England

Richard Hollington's father completes South Downs hike

Richard Hollington
Image caption Richard Hollington was 23 when he died of his injuries

A father from Hampshire has completed his non-stop walk across the South Downs in memory of his Royal Marine son who was killed in Afghanistan.

Robin Hollington's 23-year-old son Richard died from injuries caused by an explosion on 20 June 2010.

Mr Hollington was joined on the 103-mile "yomp" by his son's former troop sergeant and fellow marines who were with him when he was injured.

The hike from Eastbourne to Winchester raised £35,000 for Help for Heroes.

Mr Hollington, of Petersfield, who was a marine himself for 20 years, set off on Saturday, taking 38 hours and 36 minutes to reach King Alfred's memorial in Winchester.

He and four other "yompers" - Richard's uncle Jos Hollington, fellow Marine Ollie Spence, youngest "yomper" Sam Murray and family friend Mark Wilkinson - were the only ones from the original 24 to complete the distance.

'A little tricky'

The other 19 had to pull out of the trek at varying distances having suffered numerous injuries including torn ligaments, sprained ankles and bleeding blisters, the majority of which were sustained in the dark.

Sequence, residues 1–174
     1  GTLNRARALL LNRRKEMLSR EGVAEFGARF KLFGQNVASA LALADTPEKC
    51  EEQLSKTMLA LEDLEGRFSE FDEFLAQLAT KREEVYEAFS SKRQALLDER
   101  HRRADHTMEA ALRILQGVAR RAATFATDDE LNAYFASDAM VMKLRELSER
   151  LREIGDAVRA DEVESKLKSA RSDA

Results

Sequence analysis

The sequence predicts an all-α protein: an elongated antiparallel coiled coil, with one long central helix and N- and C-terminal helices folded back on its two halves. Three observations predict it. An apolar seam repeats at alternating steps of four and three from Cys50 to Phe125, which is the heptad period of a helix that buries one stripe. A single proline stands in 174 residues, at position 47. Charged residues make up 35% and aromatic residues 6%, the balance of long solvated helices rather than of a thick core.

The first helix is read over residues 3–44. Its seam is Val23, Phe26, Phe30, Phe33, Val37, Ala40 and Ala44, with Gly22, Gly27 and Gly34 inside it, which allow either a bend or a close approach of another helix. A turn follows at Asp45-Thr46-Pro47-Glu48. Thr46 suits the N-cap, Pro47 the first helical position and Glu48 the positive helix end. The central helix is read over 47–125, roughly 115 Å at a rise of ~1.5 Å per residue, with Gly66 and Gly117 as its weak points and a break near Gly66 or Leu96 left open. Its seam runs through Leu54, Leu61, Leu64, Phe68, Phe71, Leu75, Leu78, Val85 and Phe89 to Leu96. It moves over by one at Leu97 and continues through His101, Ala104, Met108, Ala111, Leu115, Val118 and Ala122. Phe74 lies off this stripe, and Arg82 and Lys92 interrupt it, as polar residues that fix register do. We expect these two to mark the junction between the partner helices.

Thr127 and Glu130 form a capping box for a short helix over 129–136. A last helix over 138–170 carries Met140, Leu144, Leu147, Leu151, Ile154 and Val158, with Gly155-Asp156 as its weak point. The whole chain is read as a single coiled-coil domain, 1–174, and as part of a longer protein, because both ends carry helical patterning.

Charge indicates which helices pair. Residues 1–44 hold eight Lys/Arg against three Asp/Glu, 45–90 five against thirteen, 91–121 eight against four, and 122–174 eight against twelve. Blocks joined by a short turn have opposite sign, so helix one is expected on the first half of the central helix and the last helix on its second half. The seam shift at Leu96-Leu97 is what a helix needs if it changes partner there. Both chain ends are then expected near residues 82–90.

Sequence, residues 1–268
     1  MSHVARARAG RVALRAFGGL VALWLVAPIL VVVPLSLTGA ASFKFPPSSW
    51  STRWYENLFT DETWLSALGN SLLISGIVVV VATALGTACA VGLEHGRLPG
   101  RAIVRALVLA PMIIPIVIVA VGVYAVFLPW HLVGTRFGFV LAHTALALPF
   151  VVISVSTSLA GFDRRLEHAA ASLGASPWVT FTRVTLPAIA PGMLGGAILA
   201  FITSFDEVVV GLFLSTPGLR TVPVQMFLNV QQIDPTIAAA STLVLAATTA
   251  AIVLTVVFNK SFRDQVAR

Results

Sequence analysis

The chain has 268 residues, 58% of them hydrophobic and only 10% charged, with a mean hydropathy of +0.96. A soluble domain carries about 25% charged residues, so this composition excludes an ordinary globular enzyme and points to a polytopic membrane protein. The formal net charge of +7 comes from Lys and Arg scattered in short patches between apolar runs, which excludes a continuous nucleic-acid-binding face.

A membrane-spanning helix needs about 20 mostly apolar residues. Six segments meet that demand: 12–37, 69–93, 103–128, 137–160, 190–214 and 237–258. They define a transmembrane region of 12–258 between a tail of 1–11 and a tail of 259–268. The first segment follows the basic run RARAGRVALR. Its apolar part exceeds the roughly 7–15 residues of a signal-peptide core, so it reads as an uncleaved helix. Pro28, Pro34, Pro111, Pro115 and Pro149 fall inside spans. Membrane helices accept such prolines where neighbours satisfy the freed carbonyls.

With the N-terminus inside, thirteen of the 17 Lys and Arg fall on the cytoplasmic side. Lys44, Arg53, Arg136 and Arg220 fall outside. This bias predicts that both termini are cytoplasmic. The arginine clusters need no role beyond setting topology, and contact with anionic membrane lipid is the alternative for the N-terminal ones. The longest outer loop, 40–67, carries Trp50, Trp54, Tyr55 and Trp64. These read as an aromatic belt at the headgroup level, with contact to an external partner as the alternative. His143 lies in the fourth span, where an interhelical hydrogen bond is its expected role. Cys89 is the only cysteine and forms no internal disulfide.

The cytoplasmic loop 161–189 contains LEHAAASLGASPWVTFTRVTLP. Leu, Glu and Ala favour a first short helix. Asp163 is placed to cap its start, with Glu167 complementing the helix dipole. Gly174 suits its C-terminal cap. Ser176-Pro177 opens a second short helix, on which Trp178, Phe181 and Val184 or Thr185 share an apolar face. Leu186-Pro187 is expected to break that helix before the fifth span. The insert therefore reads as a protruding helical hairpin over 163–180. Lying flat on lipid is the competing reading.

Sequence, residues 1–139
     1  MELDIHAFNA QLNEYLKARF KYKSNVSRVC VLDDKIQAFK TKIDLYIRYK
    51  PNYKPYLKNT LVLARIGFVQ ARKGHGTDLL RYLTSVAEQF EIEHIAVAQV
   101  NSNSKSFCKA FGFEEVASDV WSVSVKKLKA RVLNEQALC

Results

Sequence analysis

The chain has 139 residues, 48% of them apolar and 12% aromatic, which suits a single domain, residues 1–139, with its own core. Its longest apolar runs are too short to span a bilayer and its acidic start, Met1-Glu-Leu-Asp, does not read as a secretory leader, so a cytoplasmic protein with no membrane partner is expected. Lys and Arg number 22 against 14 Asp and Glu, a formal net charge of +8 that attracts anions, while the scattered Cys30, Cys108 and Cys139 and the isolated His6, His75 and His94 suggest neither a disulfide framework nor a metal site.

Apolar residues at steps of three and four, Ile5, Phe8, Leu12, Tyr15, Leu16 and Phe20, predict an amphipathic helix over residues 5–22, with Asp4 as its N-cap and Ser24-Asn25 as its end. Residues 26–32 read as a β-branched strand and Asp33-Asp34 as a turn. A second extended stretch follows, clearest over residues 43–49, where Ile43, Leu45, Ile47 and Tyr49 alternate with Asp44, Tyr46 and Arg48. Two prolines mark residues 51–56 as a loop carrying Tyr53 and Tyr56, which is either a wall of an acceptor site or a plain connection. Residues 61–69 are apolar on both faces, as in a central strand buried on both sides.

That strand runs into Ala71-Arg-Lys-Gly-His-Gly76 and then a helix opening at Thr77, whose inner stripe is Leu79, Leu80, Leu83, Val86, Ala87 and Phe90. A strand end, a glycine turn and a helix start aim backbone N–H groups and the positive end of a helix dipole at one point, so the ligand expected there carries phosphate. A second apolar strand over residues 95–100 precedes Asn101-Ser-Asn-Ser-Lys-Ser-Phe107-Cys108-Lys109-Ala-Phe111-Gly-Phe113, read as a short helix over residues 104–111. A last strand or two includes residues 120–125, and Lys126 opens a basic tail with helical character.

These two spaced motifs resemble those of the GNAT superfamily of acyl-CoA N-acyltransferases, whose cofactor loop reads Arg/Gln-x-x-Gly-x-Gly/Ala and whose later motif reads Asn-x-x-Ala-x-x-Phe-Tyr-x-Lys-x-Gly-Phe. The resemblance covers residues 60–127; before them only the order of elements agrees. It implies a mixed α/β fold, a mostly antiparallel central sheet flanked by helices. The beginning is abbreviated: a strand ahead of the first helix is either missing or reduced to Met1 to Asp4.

Speaking on his arrival on Sunday night, Mr Hollington said: "That was a bit harder than I thought it would be.

"It was in the dark that things got a little tricky, especially when people started getting hurt and having to get them off the path without causing any more damage, but I never once contemplated not finishing.

Image caption Only five from the original team of 24 managed to complete the 103-mile challenge

"I'm really touched by the support and generosity of people we passed on the footpaths who put donations in our buckets."

To date he has raised more than £100,000 for Help for Heroes, and is hoping to break the £110,000 mark by the first anniversary of his son's death on 20 June.

Marine Hollington, who was a member of 40 Commando, was caught in a blast in Helmand province, in Afghanistan.

He was flown back to England, but died from his wounds in the Queen Elizabeth Hospital in Birmingham with his parents and two brothers by his side.

He became the 300th member of UK forces to have died in Afghanistan.

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